Published January 14, 2009
Nick goes Medieval
For years, I’d seen the Medieval Manor as I drove down I-93. It’s a roadside curiosity, like a hitchhiker or a hooker, and sooner or later, you’ve got to pull over and ask for directions.
Since 1972, the Medieval Manor has promised a raunchy romp through the Middles Ages. I’m all for bawdy humor, but I’ve never been one for the classics. In school we read The Canterbury Tales, a text pretty much designed for the teenage boy—all farts and sex. I found it mind-numbing. Even the kids who made swords out of PVC piping were bored.
However, I appreciated the tome’s enthusiasm for ale. And as my friends and I settled into our communal table on a blustery winter’s night, we were delighted to learn from our “primary beer wench” that flagons came in both light and dark varieties: Busch Light or Michelob Amber Bock. OK, so there’s no mead on tap. Authenticity isn’t what you’re paying for, a point hammered home when the court jester introduced himself with a penguin masturbation joke and our wench removed the lid from our appetizer: medieval pita pizza.
As we merrily crunched away, the festivities began with a rousing guitar number from the minstrel Bill. (The jester calls himself Squeegee and there’s an oaf named Sponge, but apparently Bill is a proud man.) The show proceeds in stages, as the cast, led by a king dressed regally in black tights, performs songs and skits until it’s time to eat another course with your bare hands. After a winning spot of repartee concerning the queen’s butt, faux dragon soup was ladled from a metal bucket.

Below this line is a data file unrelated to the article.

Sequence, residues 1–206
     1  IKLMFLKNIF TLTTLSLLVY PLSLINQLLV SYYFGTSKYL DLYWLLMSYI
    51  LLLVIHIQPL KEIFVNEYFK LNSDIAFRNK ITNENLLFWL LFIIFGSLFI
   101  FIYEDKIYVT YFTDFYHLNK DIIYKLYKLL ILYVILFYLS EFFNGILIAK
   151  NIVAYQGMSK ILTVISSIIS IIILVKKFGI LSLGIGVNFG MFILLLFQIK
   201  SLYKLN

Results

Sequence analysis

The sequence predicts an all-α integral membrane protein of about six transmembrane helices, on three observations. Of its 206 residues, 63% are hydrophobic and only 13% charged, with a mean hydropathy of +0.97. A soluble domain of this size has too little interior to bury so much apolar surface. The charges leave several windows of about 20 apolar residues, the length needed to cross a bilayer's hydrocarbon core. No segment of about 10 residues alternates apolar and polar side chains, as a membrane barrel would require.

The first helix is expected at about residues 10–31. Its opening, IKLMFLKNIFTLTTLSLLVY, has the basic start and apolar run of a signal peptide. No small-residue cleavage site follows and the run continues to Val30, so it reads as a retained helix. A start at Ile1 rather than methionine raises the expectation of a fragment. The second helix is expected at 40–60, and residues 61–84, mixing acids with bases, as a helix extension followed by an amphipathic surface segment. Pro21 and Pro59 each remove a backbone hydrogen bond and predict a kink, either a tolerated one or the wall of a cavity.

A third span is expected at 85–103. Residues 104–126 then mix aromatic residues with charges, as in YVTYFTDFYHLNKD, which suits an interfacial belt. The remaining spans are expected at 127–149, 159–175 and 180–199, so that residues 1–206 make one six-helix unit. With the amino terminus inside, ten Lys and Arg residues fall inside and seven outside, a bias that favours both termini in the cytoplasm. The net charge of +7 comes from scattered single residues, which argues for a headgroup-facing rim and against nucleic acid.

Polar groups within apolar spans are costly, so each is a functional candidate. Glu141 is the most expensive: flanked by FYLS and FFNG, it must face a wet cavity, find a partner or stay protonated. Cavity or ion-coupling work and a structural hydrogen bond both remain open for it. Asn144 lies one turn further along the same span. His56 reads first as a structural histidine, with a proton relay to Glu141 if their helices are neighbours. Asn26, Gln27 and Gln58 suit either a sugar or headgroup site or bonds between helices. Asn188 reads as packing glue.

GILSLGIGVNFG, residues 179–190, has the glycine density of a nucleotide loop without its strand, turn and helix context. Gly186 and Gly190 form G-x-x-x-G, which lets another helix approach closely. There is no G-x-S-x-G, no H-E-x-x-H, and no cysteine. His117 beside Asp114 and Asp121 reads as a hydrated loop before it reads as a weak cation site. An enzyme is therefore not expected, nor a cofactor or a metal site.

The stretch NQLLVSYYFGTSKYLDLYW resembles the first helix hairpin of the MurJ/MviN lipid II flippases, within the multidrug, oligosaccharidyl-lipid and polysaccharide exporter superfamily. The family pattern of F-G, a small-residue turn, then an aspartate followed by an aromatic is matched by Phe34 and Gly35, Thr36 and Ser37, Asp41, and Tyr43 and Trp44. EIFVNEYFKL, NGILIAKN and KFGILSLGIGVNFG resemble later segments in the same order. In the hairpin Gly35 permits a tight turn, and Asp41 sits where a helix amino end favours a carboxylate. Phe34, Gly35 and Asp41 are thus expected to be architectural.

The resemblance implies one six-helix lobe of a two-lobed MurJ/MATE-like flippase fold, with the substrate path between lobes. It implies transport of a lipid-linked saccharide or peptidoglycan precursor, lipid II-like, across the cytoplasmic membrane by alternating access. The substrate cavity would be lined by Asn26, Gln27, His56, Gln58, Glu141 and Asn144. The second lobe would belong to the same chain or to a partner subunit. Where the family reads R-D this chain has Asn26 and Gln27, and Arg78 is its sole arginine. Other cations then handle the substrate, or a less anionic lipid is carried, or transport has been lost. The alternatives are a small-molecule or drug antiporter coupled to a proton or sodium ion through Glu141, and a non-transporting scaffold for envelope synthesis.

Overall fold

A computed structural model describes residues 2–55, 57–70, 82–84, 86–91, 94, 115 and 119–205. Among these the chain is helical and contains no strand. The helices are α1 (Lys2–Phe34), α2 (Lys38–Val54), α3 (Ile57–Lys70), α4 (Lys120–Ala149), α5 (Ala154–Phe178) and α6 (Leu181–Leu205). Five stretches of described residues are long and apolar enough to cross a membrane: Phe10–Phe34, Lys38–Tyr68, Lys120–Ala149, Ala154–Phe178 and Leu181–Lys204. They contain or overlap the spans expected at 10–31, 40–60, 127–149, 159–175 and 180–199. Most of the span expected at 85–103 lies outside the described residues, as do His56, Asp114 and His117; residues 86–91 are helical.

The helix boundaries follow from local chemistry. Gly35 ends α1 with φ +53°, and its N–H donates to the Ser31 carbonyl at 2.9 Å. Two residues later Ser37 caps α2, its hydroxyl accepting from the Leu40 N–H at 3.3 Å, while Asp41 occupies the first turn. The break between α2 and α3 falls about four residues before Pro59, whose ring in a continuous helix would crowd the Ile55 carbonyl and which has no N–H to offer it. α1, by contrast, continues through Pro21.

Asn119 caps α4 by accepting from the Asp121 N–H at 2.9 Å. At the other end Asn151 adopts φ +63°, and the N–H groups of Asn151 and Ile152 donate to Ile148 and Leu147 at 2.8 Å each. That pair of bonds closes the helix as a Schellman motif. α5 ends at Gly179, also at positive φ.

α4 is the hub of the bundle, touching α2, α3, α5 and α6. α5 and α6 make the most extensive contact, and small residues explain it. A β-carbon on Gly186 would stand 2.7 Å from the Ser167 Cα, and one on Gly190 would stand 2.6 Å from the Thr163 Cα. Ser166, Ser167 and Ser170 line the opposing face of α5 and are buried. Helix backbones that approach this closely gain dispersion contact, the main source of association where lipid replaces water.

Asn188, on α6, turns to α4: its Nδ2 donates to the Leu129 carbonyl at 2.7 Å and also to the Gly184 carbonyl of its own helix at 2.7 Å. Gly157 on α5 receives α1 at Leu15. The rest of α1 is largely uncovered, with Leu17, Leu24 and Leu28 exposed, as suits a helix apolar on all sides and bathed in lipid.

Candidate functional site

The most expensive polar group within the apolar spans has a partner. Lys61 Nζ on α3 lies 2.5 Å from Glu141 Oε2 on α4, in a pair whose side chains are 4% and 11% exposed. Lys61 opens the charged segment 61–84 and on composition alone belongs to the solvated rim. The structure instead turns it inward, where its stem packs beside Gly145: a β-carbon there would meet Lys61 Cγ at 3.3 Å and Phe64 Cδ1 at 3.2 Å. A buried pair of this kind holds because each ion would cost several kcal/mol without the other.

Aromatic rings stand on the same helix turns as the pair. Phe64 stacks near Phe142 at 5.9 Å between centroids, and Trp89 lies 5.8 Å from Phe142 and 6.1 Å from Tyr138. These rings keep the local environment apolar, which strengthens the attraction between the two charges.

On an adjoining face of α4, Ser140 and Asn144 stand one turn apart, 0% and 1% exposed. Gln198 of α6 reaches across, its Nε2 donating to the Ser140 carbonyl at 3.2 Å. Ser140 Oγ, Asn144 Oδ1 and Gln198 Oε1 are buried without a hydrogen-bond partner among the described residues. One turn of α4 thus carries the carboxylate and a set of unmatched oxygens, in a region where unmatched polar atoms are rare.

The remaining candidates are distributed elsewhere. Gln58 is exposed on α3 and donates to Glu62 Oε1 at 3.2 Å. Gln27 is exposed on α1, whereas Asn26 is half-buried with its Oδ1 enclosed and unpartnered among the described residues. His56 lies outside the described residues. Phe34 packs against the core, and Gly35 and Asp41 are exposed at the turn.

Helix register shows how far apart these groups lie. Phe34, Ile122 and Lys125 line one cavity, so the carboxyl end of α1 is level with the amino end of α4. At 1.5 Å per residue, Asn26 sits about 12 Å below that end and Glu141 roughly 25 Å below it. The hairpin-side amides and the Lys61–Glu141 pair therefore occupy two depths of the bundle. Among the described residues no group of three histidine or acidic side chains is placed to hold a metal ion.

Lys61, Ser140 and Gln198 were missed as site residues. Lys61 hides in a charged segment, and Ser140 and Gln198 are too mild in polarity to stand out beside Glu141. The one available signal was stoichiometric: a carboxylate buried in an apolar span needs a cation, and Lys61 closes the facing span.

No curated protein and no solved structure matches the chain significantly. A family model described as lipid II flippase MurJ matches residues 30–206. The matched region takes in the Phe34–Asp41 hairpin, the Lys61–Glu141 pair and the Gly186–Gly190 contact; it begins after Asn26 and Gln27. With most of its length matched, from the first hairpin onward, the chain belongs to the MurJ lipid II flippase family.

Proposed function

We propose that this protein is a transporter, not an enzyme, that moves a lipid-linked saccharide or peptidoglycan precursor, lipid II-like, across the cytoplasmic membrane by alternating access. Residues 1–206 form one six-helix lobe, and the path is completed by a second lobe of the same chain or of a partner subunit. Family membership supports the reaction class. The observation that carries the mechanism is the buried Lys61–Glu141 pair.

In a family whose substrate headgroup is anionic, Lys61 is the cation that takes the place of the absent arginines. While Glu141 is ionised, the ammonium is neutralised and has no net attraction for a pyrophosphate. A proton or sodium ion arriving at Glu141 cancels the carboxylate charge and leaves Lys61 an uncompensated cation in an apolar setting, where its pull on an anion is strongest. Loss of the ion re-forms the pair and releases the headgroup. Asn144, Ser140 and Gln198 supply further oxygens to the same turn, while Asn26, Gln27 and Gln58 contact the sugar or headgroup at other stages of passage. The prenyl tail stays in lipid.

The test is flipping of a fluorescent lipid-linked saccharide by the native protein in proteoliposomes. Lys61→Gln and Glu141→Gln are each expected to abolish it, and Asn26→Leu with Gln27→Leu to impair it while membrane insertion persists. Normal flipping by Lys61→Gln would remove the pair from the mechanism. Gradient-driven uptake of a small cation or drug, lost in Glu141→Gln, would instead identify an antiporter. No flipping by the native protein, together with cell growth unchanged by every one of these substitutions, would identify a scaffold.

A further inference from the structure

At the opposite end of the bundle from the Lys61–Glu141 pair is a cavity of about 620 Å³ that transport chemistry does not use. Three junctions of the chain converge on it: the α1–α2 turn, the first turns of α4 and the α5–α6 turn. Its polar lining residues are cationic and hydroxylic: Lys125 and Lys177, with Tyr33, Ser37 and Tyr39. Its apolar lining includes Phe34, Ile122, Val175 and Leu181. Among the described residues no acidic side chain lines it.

“They didn’t have celery in the Middle Ages,” said my friend Casey, suddenly looking for historical accuracy as Squeegee referenced the iPod.
“How do you know?” I whispered.
“I was an art history minor.”
Oh, well there’s no arguing that. Please, have some more of the dark.
It’s all a bit ridiculous, but supping from my own bowl, I found it easy to tumble into the revelry. Save for a group of stone-faced dunces in the front row sipping pink lemonade and looking like serfs who’d lost their cows to famine, we all were getting into the spirit. The king decreed, “Eat, drink and be merry,” and we obeyed.
Still, it’s not all frivolity. The show hits a low point when the wenches gather for an anti-war ballad. If anything, it could have used a sword fight or two. But the formula must be working, as the content and the cast rarely change. I can’t commit to a channel, yet here’s a man who’s spent 19 years as Squeegee, a man who smiled as he shared a post-performance beer with his king and accepted a pickled thanks from us.
“I liked our wench,” said my friend Adam later, as we discussed the show’s merits. “I would recommend it, as a Bostonian, as something to knock off your checklist. But I was looking forward to the old English arts, thys and thous. That was my one letdown.”
I found the omission a blessing and hereby decree: If Chaucer isn’t your thing, the Medieval Manor might be.